The cost of a four-post bed fully equipped with hangings was excessive in the eighteenth century. In the light of the expenditure upon bedding and bed hangings today — having regard also to the buying power of money then—it is difficult to understand the lavish expenditure of our economic ancestors upon their beds. It is true the bedstead and its hangings constituted the chief cost of the bedroom furniture ; but even allowing for that the bill for a complete bedstead must have been an eye-opener to the young couple who might well put off the furnishing of the spare room or guest chamber until a later date. In analysing old accounts the difference in the cost of things is very startling, and the figures placed against certain materials contrast strongly with the cost of manual and skilled labour. Textiles were costly, very costly, especially cotton and linen cloths —all bedding was expensive, and out of proportion to the prime cost of the bedstead. In a bill paid in 1770 a mahogany bedstead with fluted posts was charged £4, 4s. ; for that bedstead a large feather bed and bolster and flock mattress were charged £11, 11s., and one hair mattress £3, 3s.; blankets were then £1, 10s a pair, and a white calico quilt was charged £4, 4s. Then came the upholstery, including 34 yards of printed cotton at 6s. 6d. per yard (adding about £14 on the cost), the whole total-ling, with other necessary bedding, nearly £45.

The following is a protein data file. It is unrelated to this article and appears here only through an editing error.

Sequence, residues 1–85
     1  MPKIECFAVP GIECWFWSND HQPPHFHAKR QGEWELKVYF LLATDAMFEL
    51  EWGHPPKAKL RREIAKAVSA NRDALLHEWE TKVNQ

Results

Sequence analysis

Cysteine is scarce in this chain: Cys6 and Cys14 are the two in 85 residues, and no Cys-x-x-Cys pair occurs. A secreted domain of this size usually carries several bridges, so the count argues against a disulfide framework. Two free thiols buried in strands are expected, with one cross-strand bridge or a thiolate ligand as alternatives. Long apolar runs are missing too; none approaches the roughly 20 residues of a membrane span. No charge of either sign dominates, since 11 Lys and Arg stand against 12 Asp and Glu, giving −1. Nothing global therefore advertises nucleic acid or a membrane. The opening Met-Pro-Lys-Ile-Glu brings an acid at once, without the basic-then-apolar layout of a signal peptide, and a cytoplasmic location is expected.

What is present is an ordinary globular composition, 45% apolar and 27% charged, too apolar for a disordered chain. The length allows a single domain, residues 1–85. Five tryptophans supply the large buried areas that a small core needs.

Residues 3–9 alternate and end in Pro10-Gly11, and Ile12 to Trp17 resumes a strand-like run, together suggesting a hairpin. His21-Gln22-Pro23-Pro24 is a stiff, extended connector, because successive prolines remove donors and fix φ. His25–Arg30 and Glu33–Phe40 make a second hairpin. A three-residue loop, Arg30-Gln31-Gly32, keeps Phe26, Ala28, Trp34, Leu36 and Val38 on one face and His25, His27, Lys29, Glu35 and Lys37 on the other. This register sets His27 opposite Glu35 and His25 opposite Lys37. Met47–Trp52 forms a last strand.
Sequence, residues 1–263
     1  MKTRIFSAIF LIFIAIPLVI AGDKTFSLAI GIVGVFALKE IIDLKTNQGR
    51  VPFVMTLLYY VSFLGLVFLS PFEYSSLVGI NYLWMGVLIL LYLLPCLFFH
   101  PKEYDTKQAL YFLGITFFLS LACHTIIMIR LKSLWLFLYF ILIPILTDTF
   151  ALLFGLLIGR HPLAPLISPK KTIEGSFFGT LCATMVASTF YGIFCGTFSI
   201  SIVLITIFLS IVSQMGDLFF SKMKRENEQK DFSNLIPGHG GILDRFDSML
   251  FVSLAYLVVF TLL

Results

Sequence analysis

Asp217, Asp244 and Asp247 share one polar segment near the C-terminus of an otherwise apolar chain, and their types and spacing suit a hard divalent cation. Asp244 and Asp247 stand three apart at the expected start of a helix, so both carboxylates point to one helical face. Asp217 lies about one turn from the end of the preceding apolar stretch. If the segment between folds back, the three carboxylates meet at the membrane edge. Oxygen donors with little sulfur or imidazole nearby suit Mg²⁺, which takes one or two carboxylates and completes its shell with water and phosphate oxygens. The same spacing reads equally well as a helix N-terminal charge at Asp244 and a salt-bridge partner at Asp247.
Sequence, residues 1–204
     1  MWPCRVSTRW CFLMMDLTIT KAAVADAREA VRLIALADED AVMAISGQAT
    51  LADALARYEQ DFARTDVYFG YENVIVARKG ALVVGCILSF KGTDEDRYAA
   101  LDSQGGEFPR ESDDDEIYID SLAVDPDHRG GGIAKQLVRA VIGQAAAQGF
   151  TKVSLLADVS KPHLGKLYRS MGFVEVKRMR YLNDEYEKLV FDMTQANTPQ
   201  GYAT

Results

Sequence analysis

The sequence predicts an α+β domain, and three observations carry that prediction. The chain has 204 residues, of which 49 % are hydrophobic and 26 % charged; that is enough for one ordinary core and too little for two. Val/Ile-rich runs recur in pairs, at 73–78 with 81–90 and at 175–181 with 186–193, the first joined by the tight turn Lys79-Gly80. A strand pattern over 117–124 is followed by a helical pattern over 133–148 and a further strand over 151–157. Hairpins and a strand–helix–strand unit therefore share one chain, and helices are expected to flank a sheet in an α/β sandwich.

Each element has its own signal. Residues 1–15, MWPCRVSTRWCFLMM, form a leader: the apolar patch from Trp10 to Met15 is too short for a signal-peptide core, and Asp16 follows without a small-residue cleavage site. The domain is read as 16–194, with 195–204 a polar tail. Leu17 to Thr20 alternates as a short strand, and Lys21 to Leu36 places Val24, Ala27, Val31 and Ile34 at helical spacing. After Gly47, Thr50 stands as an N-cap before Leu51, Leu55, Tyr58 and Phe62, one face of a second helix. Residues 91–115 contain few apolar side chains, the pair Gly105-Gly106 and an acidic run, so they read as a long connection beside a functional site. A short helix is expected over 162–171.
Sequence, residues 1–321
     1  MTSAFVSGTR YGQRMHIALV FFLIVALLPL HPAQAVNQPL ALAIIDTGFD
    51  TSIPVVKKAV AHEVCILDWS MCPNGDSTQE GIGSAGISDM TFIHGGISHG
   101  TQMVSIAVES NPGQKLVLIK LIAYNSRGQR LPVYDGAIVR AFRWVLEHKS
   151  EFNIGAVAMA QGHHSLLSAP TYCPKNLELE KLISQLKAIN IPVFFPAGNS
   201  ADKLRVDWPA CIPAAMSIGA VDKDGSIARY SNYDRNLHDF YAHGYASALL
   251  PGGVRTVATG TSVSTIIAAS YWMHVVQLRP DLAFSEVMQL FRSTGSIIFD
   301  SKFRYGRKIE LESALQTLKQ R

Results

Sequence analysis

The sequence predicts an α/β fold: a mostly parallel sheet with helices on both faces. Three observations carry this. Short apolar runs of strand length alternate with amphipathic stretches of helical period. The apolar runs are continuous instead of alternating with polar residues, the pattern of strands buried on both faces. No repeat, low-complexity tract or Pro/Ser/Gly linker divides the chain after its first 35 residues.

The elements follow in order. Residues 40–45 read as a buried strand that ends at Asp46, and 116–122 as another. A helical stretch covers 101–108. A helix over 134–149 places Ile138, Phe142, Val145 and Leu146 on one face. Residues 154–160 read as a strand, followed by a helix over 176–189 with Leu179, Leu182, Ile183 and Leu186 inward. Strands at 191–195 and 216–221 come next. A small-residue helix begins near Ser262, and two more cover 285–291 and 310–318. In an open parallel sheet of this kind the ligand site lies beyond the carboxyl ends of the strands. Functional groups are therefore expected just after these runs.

In another case 33 yards of printed cotton at 4s. per yard, and 35 yards of lining at 2s. per yard were sed in upholstering another bed. Truly, bedding and bed hangings were costly !
In Fig. 2 and in Fig. 104, two very beautiful bed-steads, complete with antique upholsteries, are illustrated. Fig. 2 is a bed of Sheraton style with carved and inlaid cornice, with fluted posts and acanthus-leaved terminations and square feet. The upholstery is of the typical large pattern with fringed valences.
Fig. 104, of mahogany, is a similar four-poster, measuring 7 ft. in length by 5 ft. 6 in. in width, and 7 ft. 7 in. in height. It is now at the Manor House, Hitchin.
In times gone by there was not much privacy in the bedroom ; indeed the bed was often placed in the chamber where receptions were held. It was used by day as well as by night, and therefore when a change came about in social and domestic arrangements, and the bedstead was installed in the sleeping or retiring chamber, it was no longer available as a couch in the living-room. This took place in the days of the Stuarts, and as people could not suddenly break themselves off the habit of using a bed as a couch, or of reclining during the day, there came into being those beautiful day-beds, which have already been referred to in an account of the furniture of the Stuart period. Many of the day-beds were extremely ornamental, the rails being carved, and in the later examples much ornamental turning and decorative embellishment was applied to the caned heads and foot rails, and also to the reclining couch upon which cushions were used.
Fig. 105 is an oak day-bed of the time of Charles II. It has turned rails, slightly carved head with lowering chains, and caned seat and back.